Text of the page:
Oncotarget

Research Papers:

Molecular mechanisms of human IRE1 activation through dimerization and ligand binding

Amar Joshi, Yvette Newbatt, P. Craig McAndrew, Mark Stubbs, Rosemary Burke, Mark W. Richards, Chitra Bhatia, John J. Caldwell, Tatiana McHardy, Ian Collins and Richard Bayliss _

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Oncotarget. 2015; 6:13019-13035. https://doi.org/10.18632/oncotarget.3864

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Abstract

Amar Joshi1,2, Yvette Newbatt3, P. Craig McAndrew3, Mark Stubbs3, Rosemary Burke3, Mark W. Richards1,2, Chitra Bhatia1,2, John J. Caldwell3, Tatiana McHardy3, Ian Collins3 and Richard Bayliss1,2

1 Department of Biochemistry, University of Leicester, Leicester, United Kingdom

2 Cancer Research UK Leicester Centre, University of Leicester, Leicester, United Kingdom

3 Cancer Research UK Cancer Therapeutics Unit, Division of Cancer Therapeutics, The Institute of Cancer Research, London, United Kingdom

Correspondence to:

Richard Bayliss, email:

Ian Collins, email:

Keywords: UPR, drug discovery, kinase, RNase

Received: December 02, 2014 Accepted: March 31, 2015 Published: April 18, 2015

Abstract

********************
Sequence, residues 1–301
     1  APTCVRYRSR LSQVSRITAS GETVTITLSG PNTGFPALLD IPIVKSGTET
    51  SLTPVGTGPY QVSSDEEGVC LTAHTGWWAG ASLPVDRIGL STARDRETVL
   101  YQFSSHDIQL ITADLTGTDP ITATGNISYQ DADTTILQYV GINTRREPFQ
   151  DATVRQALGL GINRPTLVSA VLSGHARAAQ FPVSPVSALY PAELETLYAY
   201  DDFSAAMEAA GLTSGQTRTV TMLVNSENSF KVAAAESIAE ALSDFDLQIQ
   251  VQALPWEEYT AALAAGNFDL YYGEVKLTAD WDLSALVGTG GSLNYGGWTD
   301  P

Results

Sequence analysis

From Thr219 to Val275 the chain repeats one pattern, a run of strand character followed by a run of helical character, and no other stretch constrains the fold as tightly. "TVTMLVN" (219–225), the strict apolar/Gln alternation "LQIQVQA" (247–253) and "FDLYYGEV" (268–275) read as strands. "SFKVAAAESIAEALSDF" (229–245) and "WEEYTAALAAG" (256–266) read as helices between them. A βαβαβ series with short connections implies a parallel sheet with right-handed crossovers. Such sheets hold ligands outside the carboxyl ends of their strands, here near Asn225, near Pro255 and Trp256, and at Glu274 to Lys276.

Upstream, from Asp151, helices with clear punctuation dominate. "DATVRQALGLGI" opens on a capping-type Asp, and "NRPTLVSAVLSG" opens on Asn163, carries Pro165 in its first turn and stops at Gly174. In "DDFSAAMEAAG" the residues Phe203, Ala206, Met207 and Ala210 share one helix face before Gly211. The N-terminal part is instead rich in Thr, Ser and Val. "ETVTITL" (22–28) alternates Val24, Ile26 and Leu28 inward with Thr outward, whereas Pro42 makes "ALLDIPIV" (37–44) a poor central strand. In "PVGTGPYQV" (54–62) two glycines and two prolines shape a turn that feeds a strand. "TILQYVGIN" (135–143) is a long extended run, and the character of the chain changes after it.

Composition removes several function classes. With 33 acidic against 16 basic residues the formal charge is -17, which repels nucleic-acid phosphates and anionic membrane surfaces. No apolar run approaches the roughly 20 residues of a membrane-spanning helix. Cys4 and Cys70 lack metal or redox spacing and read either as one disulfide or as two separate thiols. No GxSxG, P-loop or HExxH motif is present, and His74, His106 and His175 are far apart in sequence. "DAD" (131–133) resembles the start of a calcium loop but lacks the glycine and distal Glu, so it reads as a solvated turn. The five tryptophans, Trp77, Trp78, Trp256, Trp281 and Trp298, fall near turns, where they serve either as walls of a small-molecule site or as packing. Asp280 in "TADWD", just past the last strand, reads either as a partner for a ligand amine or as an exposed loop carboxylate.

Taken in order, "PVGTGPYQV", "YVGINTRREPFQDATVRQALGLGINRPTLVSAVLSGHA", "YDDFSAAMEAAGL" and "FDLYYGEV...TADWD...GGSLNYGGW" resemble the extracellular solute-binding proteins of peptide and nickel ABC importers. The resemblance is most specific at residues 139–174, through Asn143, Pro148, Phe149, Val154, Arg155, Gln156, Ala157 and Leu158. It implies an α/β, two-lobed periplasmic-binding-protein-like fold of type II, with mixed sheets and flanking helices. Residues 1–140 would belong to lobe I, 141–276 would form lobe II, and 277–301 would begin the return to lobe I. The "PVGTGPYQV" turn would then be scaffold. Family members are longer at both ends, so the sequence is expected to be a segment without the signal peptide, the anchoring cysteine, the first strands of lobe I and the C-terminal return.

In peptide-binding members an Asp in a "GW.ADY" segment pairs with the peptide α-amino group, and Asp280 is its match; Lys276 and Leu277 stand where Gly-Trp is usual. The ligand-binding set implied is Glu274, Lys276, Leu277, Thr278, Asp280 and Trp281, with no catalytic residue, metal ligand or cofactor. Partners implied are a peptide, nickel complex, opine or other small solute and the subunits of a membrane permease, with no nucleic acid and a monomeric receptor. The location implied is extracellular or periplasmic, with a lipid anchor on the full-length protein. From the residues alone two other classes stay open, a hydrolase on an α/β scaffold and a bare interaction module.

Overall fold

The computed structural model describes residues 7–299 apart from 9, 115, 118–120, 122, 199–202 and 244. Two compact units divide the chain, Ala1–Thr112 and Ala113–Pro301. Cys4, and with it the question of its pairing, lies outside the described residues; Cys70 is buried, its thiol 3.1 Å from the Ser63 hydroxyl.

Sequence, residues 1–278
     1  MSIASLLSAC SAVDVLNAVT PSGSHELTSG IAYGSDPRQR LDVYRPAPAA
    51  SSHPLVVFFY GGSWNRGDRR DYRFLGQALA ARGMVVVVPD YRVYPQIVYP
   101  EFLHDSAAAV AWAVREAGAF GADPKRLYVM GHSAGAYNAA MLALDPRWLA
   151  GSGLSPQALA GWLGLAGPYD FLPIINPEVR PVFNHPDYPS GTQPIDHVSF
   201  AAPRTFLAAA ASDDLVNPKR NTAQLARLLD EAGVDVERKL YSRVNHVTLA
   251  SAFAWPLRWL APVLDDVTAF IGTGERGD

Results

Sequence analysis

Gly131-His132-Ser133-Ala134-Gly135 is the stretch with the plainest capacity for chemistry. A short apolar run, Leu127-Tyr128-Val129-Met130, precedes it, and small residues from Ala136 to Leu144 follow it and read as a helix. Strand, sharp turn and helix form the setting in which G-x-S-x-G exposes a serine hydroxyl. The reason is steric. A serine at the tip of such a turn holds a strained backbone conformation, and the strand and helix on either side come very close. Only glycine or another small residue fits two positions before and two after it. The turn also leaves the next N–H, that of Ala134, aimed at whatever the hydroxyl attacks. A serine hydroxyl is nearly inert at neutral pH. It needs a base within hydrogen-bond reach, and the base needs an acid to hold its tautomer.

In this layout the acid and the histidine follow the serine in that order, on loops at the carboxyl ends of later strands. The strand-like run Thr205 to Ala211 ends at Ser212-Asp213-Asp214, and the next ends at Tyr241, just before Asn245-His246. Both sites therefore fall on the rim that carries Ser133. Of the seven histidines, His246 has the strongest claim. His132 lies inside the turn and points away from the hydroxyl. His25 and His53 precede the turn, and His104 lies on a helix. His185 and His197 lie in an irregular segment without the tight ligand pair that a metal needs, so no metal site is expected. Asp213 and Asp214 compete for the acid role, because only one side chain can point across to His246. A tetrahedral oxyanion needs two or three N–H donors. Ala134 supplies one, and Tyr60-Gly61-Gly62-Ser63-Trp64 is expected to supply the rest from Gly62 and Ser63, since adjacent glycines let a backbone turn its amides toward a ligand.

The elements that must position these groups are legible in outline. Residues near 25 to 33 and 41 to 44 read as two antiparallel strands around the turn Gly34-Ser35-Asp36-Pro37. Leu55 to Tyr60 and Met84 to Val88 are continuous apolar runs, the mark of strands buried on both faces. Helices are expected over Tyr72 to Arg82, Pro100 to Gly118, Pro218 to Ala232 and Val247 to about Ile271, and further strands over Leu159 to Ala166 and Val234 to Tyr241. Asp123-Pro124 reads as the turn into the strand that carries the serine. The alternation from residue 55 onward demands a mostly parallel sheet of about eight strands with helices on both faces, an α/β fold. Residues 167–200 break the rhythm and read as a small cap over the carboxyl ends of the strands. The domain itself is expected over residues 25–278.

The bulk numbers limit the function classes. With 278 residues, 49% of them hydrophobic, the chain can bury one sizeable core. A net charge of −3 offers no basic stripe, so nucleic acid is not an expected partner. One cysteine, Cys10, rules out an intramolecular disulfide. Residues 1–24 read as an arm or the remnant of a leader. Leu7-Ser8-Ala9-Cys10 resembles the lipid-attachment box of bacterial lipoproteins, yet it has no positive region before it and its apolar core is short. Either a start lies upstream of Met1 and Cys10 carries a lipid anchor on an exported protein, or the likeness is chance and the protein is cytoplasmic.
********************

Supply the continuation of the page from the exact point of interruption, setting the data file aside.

IRE1 transduces the unfolded protein response by splicing XBP1 through its C-terminal cytoplasmic kinase-RNase region. IRE1 autophosphorylation is coupled to RNase activity through formation of a back-to-back dimer, although the conservation of the underlying molecular mechanism is not clear from existing structures. We have crystallized human IRE1 in a back-to-back conformation only previously seen for the yeast homologue. In our structure the kinase domain appears primed for catalysis but the RNase domains are disengaged. Structure-function analysis reveals that IRE1 is autoinhibited through a Tyr-down mechanism related to that found in the unrelated Ser/Thr protein kinase Nek7. We have developed a compound that potently inhibits human IRE1 kinase activity while stimulating XBP1 splicing. A crystal structure of the inhibitor bound to IRE1 shows an increased ordering of the kinase activation loop. The structures of hIRE in apo and ligand-bound forms are consistent with a previously proposed model of IRE1 regulation in which formation of a back-to-back dimer coupled to adoption of a kinase-active conformation drive RNase activation. The structures provide opportunities for structure-guided design of IRE1 inhibitors.


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